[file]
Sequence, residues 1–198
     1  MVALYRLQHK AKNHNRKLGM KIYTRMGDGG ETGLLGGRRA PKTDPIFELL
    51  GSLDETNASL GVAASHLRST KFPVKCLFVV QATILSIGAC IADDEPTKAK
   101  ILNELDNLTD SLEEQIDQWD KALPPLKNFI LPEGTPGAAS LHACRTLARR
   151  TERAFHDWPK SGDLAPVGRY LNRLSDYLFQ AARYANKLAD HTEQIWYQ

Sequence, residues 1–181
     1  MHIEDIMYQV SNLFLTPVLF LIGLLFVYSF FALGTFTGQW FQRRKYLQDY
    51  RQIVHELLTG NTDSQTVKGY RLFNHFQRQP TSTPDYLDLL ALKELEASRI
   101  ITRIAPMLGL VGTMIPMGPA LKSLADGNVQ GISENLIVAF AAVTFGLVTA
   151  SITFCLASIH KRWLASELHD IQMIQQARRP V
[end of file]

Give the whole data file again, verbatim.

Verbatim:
Sequence, residues 1–198
     1  MVALYRLQHK AKNHNRKLGM KIYTRMGDGG ETGLLGGRRA PKTDPIFELL
    51  GSLDETNASL GVAASHLRST KFPVKCLFVV QATILSIGAC IADDEPTKAK
   101  ILNELDNLTD SLEEQIDQWD KALPPLKNFI LPEGTPGAAS LHACRTLARR
   151  TERAFHDWPK SGDLAPVGRY LNRLSDYLFQ AARYANKLAD HTEQIWYQ

Sequence, residues 1–181
     1  MHIEDIMYQV SNLFLTPVLF LIGLLFVYSF FALGTFTGQW FQRRKYLQDY
    51  RQIVHELLTG NTDSQTVKGY RLFNHFQRQP TSTPDYLDLL ALKELEASRI
   101  ITRIAPMLGL VGTMIPMGPA LKSLADGNVQ GISENLIVAF AAVTFGLVTA
   151  SITFCLASIH KRWLASELHD IQMIQQARRP V